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Design and initial implementation of the WHO FP umbrella project- to strengthen contraceptive services in the sub Saharan Africa

Overview of attention for article published in Reproductive Health, June 2017
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About this Attention Score

  • In the top 25% of all research outputs scored by Altmetric
  • Good Attention Score compared to outputs of the same age (78th percentile)
  • High Attention Score compared to outputs of the same age and source (80th percentile)

Mentioned by

policy
1 policy source
twitter
8 tweeters

Citations

dimensions_citation
4 Dimensions

Readers on

mendeley
77 Mendeley
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Title
Design and initial implementation of the WHO FP umbrella project- to strengthen contraceptive services in the sub Saharan Africa
Published in
Reproductive Health, June 2017
DOI 10.1186/s12978-017-0335-0
Pubmed ID
Authors

Rita Kabra, Moazzam Ali, James Kiarie

Abstract

Strengthening contraceptive services in sub Saharan Africa is critical to achieve the FP 2020 goal of enabling 120 million more women and girls to access and use contraceptives by 2020 and the Sustainable Development Goals (SDG) targets of universal access to sexual and reproductive health (SRH) services including family planning by 2030. The World Health Organization (WHO) and partners have designed a multifaceted project to strengthen health systems to reduce the unmet need of contraceptive and family planning services in sub Saharan Africa. The plan leverages global, regional and national partnerships to facilitate and increase the use of evidence based WHO guidelines with a specific focus on postpartum family planning. The four key approaches undertaken are i) making WHO Guidelines adaptable & appropriate for country use ii) building capacity of WHO regional/country staff iii) providing technical support to countries and iv) strengthening partnerships for introduction and implementation of WHO guidelines. This paper describes the project design and elaborates the multifaceted approaches required in initial implementation to strengthen contraceptive services. The initial results from this project reflect that simultaneous application these approaches may strengthen contraceptive services in Sub Saharan Africa and ensure sustainability of the efforts. The lessons learned may be used to scale up and expand services in other countries.

Twitter Demographics

The data shown below were collected from the profiles of 8 tweeters who shared this research output. Click here to find out more about how the information was compiled.

Mendeley readers

The data shown below were compiled from readership statistics for 77 Mendeley readers of this research output. Click here to see the associated Mendeley record.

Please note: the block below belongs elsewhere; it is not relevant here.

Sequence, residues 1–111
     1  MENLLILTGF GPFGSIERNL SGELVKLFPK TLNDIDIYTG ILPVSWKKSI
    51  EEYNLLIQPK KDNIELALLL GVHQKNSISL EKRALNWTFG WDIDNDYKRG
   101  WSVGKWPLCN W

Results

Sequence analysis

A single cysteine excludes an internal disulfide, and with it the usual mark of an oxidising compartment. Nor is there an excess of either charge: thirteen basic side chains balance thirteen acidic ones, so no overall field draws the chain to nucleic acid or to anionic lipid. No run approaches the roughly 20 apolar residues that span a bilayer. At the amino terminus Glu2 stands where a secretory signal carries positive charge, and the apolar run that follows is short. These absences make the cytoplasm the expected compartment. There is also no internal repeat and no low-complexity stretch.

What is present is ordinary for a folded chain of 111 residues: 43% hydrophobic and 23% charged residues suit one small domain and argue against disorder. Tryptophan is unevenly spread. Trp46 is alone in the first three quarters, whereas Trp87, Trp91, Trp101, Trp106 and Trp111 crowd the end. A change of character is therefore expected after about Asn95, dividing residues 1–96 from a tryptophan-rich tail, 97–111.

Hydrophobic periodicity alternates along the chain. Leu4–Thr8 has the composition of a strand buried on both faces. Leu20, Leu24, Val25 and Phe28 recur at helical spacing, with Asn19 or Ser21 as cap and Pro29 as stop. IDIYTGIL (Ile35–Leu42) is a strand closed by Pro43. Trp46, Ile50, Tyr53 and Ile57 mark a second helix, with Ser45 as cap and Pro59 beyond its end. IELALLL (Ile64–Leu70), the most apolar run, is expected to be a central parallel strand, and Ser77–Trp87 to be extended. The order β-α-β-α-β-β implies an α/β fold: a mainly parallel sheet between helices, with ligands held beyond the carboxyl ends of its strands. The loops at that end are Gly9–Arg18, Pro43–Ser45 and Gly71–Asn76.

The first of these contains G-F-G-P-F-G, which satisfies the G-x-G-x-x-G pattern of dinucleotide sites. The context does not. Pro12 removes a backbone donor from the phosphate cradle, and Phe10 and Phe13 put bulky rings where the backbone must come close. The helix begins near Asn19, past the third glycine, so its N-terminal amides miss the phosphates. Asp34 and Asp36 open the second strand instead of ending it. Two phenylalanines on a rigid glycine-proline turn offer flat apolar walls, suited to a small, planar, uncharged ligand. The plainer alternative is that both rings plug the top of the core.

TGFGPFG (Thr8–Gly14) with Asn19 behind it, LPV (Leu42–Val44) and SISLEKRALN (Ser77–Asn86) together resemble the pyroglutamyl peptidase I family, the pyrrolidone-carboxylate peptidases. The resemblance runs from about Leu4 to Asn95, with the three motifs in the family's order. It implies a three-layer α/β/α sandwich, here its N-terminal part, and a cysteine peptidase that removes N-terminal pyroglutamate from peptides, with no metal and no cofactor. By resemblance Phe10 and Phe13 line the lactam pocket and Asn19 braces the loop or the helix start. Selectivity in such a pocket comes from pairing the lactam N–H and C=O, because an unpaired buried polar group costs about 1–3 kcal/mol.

Geographical breakdown

Country Count As %
Unknown 77 100%

Demographic breakdown

Readers by professional status Count As %
Researcher 16 21%
Student > Master 15 19%
Student > Postgraduate 5 6%
Student > Doctoral Student 4 5%
Student > Ph. D. Student 4 5%
Other 9 12%
Unknown 24 31%
Readers by discipline Count As %
Nursing and Health Professions 15 19%
Medicine and Dentistry 11 14%
Social Sciences 8 10%
Business, Management and Accounting 4 5%
Economics, Econometrics and Finance 3 4%
Other 12 16%
Unknown 24 31%

Attention Score in Context

This research output has an Altmetric Attention Score of 8. This is our high-level measure of the quality and quantity of online attention that it has received. This Attention Score, as well as the ranking and number of research outputs shown below, was calculated when the research output was last mentioned on 01 January 2019.
All research outputs
#3,374,264
of 20,147,371 outputs
Outputs from Reproductive Health
#380
of 1,263 outputs
Outputs of similar age
#61,308
of 282,722 outputs
Outputs of similar age from Reproductive Health
#2
of 5 outputs
Altmetric has tracked 20,147,371 research outputs across all sources so far. Compared to these this one has done well and is in the 83rd percentile: it's in the top 25% of all research outputs ever tracked by Altmetric.
So far Altmetric has tracked 1,263 research outputs from this source. They typically receive a lot more attention than average, with a mean Attention Score of 10.7. This one has gotten more attention than average, scoring higher than 69% of its peers.
Older research outputs will score higher simply because they've had more time to accumulate mentions. To account for age we can compare this Altmetric Attention Score to the 282,722 tracked outputs that were published within six weeks on either side of this one in any source. This one has done well, scoring higher than 78% of its contemporaries.
We're also able to compare this research output to 5 others from the same source and published within six weeks on either side of this one. This one has scored higher than 3 of them.